The pain of depression is real. You wouldn’t think twice about seeking help for a broken leg. If you’re depressed or thinking about suicide, call 2-1-1 or 381-HELP and get the help you need.


Allison sat next to Shantee in her senior English class. Shantee was a quiet young woman who got good grades and was on the track team. She was friendly with most of her classmates, including Allison, but did not seem to have any close friends.

One day Allison realized that Shantee was crying during class. Later, in the hall, Allison noticed that Shantee had gained weight. Allison knew that it was very unusual for someone on the track team to gain weight at that point in the track season. Allison began to pay closer attention to Shantee in English class. She soon realized that Shantee was no longer listening to the teacher and that she always looked sad. One day, Allison offered Shantee a friendly "How are you doing?," which Shantee returned with a shrug, not looking Allison in the eye.

The following week, Allison noticed that Shantee didn't wear her track sweatshirt on the day of a meet like the rest of the team. She could also see from her desk that Shantee got a C on her last English test. For that whole week, Shantee looked like she was on the verge of tears.

Allison was worried, but she didn't know what to do-or even if it was any of her business. Allison decided to talk to Ms. Shaw, her history teacher, about the situation. Allison trusted Ms. Shaw. The teacher listened to what Allison had to say and told Allison that she would talk to the school counselor about Shantee. Ms. Shaw asked Allison if she would talk with the school counselor if he thought it would help. Allison agreed. Ms. Shaw told Allison that she would let her know how her meeting with the school counselor went.

Allison did the right thing. Even though she was not Shantee's close friend-and wasn't even sure that Shantee had a serious problem-she was concerned enough, and brave enough, to help. What would have happened if Allison had not talked to her teacher? Maybe nothing . . . and maybe something terrible. Even if Shantee was not thinking about hurting herself, it was pretty clear that she was in trouble and could use some help.

This publication will help you understand why some teenagers want to hurt themselves, how to tell if someone may be thinking about suicide, and what to do if you think someone may try to kill him- or herself.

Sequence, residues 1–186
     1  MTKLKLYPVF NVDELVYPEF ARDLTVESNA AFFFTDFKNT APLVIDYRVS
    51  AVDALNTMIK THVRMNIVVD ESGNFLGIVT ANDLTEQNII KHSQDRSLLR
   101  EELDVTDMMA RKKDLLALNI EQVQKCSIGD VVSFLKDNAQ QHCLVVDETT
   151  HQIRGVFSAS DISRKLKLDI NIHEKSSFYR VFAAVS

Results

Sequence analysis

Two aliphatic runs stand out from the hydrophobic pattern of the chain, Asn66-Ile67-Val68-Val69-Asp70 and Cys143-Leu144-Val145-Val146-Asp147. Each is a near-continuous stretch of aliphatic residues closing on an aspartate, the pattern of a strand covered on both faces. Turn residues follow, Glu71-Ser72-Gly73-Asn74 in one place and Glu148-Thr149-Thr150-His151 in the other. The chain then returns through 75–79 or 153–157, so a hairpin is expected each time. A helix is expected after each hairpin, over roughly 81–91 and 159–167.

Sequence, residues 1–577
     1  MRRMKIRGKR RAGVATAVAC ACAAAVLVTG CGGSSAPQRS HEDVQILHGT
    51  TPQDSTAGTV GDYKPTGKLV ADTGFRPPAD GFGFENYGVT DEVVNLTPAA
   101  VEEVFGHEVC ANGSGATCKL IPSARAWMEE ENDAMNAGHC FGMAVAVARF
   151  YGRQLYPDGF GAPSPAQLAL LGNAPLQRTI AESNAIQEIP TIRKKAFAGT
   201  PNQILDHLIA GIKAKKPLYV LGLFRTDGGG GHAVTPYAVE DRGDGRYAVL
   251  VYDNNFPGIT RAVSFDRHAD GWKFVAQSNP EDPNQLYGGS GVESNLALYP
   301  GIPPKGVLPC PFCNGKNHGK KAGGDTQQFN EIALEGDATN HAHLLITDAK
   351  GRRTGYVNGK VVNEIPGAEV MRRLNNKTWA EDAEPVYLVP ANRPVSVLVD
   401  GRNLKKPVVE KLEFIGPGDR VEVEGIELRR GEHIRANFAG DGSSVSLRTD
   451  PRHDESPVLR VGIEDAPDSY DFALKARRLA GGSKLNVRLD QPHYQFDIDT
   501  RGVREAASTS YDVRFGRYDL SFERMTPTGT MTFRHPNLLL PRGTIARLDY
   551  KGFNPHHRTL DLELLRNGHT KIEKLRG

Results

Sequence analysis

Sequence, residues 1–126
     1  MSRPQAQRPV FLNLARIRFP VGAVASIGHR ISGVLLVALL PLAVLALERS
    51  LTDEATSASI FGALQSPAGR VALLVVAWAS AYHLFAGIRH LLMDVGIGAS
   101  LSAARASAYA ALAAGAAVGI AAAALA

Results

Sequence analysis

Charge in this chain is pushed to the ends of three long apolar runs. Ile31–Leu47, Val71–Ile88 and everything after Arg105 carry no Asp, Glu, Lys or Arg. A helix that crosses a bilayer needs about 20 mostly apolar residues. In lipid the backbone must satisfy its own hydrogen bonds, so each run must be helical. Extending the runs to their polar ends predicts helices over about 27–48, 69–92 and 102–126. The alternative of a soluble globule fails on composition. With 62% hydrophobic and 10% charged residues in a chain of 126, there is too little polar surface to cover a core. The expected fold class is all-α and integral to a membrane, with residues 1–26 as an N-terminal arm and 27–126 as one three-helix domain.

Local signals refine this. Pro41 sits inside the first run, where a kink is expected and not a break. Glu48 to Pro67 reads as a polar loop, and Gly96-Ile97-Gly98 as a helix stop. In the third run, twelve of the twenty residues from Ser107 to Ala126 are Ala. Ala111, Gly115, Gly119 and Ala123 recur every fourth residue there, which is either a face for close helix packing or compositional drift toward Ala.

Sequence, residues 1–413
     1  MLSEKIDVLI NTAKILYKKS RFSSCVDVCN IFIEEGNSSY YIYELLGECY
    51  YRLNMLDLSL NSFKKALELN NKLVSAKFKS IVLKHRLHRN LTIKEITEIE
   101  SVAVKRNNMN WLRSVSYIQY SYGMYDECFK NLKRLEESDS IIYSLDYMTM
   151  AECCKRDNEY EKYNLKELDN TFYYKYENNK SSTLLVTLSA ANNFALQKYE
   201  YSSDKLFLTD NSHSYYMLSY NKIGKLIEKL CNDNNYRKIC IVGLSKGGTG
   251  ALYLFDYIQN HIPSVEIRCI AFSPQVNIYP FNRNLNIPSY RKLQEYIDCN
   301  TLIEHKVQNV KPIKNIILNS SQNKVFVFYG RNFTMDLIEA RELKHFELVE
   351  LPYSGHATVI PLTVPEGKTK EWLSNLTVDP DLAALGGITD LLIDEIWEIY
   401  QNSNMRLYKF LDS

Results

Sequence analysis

If you are thinking about suicide or hurting yourself, or if you think someone you know is seriously thinking about suicide, please talk to a responsible adult or call (800) 273-TALK (8255). This telephone hotline is available 24/7. The people who answer this hotline will help you.


The Role of Teens in Preventing Suicide

It is always shocking to think that anyone-much less a young person-would want to die. Yet more than 1,200 teenagers die by suicide each year in the United States, and more than 72,000 teens are treated in emergency rooms each year because they attempted suicide (CDC, 2003a). One survey (CDC, 2003b) found that in a 12-month period:

  • almost 17 percent of high school students had seriously considered suicide
  • 16.5 percent of high school students made a suicide plan
  • 8.5 percent of high school students tried to kill themselves at least once

Why would someone want to die? Sometimes people want to die because they are suffering from a chemical imbalance that causes depression or another mental disorder, and brings them a great deal of pain. Some young people may be overwhelmed by problems, such as drug or alcohol abuse or family violence.

Young people who feel like they want to die are often in so much emotional pain that they cannot see any other solution to their problems. While you probably can't solve these problems for a friend or classmate, you may be able to help the person find someone who can help. And the first step in doing so is recognizing the signs that someone may be at risk of suicide.


Recognizing the Warning Signs

Teens have their own culture and language. You may know your friends better than their own parents do. And you may be able to tell that something is bothering one of your classmates, even when your teachers and guidance counselors don't have a clue that anything is wrong. You can use your insight to help other teens find help when they are having problems.

While there is no foolproof method of knowing that a teen may be thinking of hurting him- or herself, the following signs might indicate that a young person is considering suicide:

  • A suddenly worsening school performance. Good students who suddenly start ignoring homework, cutting classes, or missing school altogether may have problems-such as depression or drug and alcohol abuse-that can affect their health and happiness and put them at risk of suicide.
  • A fixation with death or violence. Teens with problems may develop an unusual interest in death or violence, expressed through poetry, essays, doodling, or artwork; an obsession with violent movies, video games, and music; or a fascination with weapons. Adults often cannot tell a "normal" teen interest in violent video games or music from an obsession that other teens realize is not typical of this age group.
  • Unhealthy peer relationships. Teens who don't have friends, suddenly reject their friends, or begin associating with other teens known for substance abuse or other risky behaviors may be in trouble. A friend who suddenly stops hanging out with you for no reason or claims that "you just don't understand me any more" may have an emotional problem that he or she is afraid to discuss. That friend may feel isolated and alone and need your help.
  • Violent mood swings or a sudden change in personality. Kids who become sullen, silent, and withdrawn, or angry and acting out, may have problems that can lead to suicide.
  • Indications that the teen is in an abusive relationship. Some teens may be physically or emotionally abused by a member of their family or their girlfriend or boyfriend. Signs that a person may be in an abusive relationship include unexplained bruises or other injuries that the person refuses to discuss.